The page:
Global Cooling During the Eocene-Oligocene Climate Transition

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Science  27 Feb 2009:
Vol. 323, Issue 5918, pp. 1187-1190
DOI: 10.1126/science.1166368


About 34 million years ago, Earth's climate shifted from a relatively ice-free world to one with glacial conditions on Antarctica characterized by substantial ice sheets. How Earth's temperature changed during this climate transition remains poorly understood, and evidence for Northern Hemisphere polar ice is controversial. Here, we report proxy records of sea surface temperatures from multiple ocean localities and show that the high-latitude temperature decrease was substantial and heterogeneous. High-latitude (45 degrees to 70 degrees in both hemispheres) temperatures before the climate transition were ∼20°C and cooled an average of ∼5°C. Our results, combined with ocean and ice-sheet model simulations and benthic oxygen isotope records, indicate that Northern Hemisphere glaciation was not required to accommodate the magnitude of continental ice growth during this time.

The abrupt shift to glacial conditions near the Eocene-Oligocene (E-O) boundary ∼33.7 million years ago (Ma) is characterized by a ∼+1.5 per mil (‰) change in oxygen isotopic (δ18O) values of benthic foraminifera (13) in ∼300,000 years, which is indicative of continential ice accumulation and high-latitude cooling, and an ∼1-km deepening of the global calcite compensation depth (CCD) (2). Proposed causes for this fundamental change in Earth's climate state include changes in ocean circulation due to the opening of Southern Ocean gateways (4), a decrease in atmospheric CO2 (58), and a minimum in solar insolation (2).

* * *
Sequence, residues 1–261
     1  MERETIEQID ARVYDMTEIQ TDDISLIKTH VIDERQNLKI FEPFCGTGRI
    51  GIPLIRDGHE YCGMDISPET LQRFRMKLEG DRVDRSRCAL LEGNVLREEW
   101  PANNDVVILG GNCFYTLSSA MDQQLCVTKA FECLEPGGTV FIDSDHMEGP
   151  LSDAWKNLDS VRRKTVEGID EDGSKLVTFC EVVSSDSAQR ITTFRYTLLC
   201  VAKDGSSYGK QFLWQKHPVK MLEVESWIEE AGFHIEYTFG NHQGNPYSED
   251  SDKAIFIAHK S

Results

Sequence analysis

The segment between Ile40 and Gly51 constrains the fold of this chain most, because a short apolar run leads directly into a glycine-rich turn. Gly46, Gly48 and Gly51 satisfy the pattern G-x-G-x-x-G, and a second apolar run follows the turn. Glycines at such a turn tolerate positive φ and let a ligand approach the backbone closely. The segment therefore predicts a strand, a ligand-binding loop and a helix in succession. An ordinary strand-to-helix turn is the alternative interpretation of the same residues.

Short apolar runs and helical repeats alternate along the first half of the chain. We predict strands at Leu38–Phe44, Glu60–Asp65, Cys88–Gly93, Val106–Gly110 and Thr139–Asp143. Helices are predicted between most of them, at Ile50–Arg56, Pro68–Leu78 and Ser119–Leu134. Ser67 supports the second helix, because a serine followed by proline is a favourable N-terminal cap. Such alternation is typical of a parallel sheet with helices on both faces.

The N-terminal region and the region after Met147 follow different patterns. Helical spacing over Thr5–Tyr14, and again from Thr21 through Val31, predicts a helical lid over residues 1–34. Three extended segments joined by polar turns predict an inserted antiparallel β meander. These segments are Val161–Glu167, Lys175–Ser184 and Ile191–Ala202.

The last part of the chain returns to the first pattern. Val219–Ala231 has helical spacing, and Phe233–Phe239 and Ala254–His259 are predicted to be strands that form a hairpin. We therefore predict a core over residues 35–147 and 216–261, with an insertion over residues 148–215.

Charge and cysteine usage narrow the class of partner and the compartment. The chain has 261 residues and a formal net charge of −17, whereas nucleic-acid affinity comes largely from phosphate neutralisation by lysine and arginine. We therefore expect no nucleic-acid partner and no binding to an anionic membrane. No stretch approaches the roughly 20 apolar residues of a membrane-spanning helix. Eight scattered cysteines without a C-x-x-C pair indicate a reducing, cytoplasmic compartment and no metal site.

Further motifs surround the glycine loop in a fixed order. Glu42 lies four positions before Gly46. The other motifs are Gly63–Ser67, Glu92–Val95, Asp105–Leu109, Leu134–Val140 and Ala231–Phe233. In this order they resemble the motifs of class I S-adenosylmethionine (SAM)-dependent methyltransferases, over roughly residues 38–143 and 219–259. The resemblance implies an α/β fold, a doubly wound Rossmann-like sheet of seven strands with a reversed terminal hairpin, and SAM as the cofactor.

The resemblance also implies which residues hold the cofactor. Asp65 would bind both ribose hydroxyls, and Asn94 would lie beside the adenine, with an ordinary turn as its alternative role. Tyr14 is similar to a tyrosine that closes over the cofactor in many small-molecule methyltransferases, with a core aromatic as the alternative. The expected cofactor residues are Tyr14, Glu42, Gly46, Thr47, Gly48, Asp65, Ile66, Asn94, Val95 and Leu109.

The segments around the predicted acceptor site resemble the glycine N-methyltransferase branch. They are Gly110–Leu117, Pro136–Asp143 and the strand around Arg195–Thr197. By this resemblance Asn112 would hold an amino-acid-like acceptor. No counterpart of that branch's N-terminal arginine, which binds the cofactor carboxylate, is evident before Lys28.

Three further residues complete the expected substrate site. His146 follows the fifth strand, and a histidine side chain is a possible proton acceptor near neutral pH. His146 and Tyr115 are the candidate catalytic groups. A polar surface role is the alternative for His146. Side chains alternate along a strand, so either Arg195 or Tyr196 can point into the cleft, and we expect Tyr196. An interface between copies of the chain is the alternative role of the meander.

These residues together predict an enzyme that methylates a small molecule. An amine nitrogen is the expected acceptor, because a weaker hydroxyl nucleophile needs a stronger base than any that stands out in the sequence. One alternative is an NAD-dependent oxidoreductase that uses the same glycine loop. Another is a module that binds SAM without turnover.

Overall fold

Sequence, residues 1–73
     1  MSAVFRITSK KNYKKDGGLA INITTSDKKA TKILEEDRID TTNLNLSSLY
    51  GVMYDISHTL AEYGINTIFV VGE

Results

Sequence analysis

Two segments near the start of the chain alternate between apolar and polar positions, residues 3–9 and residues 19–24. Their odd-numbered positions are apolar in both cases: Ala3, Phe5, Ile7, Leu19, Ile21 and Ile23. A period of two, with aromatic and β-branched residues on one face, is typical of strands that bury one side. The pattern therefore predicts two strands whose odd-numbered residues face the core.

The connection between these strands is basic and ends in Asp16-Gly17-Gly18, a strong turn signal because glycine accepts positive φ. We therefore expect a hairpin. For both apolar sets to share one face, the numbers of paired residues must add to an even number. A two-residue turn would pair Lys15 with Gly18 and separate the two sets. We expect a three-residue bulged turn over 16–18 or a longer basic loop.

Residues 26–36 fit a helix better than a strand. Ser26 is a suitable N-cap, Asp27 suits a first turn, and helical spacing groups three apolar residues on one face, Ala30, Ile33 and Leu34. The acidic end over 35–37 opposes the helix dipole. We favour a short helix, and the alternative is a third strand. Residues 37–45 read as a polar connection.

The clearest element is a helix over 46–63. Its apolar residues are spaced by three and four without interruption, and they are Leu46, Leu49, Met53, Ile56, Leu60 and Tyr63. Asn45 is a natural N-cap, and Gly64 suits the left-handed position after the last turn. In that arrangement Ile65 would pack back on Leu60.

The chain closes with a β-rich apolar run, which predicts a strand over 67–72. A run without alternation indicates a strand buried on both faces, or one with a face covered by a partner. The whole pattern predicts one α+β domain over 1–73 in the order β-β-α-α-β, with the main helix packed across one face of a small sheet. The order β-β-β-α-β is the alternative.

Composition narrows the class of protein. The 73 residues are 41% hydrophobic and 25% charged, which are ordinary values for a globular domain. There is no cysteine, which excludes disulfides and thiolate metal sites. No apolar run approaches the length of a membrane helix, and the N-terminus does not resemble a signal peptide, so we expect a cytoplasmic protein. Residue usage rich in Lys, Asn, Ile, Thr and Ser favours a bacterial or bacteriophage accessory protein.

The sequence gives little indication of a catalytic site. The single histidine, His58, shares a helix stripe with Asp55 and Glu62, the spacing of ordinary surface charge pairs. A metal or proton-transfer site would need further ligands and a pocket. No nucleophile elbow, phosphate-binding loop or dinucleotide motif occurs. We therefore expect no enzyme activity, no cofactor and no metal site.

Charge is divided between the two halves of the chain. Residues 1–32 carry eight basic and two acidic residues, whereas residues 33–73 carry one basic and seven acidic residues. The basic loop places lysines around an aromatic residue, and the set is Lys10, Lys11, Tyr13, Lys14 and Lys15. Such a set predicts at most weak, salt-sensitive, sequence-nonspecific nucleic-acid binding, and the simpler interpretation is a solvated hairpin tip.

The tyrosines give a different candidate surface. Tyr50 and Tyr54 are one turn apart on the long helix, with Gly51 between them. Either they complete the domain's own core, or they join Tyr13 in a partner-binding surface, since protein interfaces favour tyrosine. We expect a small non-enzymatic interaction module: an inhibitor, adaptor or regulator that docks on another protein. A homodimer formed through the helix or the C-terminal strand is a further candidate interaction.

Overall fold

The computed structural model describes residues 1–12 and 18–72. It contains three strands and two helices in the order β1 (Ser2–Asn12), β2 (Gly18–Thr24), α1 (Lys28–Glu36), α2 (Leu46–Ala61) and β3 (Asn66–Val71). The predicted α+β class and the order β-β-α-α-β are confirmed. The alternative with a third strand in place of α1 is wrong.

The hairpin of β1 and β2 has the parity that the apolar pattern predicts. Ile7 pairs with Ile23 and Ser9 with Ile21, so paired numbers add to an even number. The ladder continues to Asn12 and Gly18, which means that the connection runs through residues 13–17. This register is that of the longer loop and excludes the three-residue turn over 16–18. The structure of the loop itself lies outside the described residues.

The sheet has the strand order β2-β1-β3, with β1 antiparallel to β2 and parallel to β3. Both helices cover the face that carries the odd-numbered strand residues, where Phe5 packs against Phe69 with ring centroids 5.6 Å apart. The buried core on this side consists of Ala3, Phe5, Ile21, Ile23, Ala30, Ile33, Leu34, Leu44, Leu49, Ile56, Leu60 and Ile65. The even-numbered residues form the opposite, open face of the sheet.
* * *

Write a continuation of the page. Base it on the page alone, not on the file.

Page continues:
How Earth's temperature changed during ice expansion is poorly defined, largely because benthic δ18O records do not distinguish between ice volume and temperature. Deep-sea temperature records based on foraminiferal Mg/Ca ratios show little change during ice expansion (911). As a result, benthic δ18O records imply E-O ice volumes that must be accommodated by Northern Hemisphere glaciation (2, 9, 12). This conclusion is nearly untenable given scant physical evidence for Northern Hemisphere ice sheets before the latest Miocene (7, 1215). Deep-water foraminiferal Mg/Ca ratios could be affected by factors other than temperature (9, 11), including a deepening of the CCD (2) and changes in deep-water carbonate ion concentration that occurred during the E-O climate transition. Indeed, shallow-water Mg/Ca–based temperatures, from exceptionally well-preserved foraminifera deposited above the CCD, indicate ∼2.5°C of cooling in the tropics (14, 15) and cast further suspicion on deep-water Mg/Ca–based temperatures across this major CCD deepening event.

Here, we report E-O sea surface temperature (SST) changes, which were determined with alkenone unsaturation index (UK′37) and tetrather index (TEX86) (16, 17), from 11 globally dispersed ocean localities. These localities include Ocean Drilling Program/Deep Sea Drilling Project (ODP/DSDP) sites 277, 336, 511, 913, and 1090, with paleolatitudes between ∼45° and 70° in both hemispheres (18), and sites 628, 803, 925, 929, 998, and 1218 in the tropics (Fig. 1 and table S1) (19). Chronologies for these sites were previously established or refined and/or determined in this study (table S2 and fig. S1). TEX86 indices were converted to SST by use of a modified temperature calibration based on all published ocean surface sediment data (fig. S2) (20). Nonetheless, older calibrations would yield qualitatively similar results over the temperature ranges observed.

Fig. 1.

Paleolocations of DSDP and ODP sites used in this study, superimposed on a map of reconstructed E-O bathymetry and geography (18).